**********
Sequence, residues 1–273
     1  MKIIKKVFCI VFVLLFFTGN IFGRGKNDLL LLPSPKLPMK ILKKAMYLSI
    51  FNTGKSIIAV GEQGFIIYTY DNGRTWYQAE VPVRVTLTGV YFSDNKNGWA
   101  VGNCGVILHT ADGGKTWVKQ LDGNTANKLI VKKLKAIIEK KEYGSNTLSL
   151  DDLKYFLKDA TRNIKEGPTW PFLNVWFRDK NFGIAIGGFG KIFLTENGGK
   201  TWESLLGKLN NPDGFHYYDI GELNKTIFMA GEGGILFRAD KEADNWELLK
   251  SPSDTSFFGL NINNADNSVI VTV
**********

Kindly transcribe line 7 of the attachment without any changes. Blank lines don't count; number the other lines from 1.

   251  SPSDTSFFGL NINNADNSVI VTV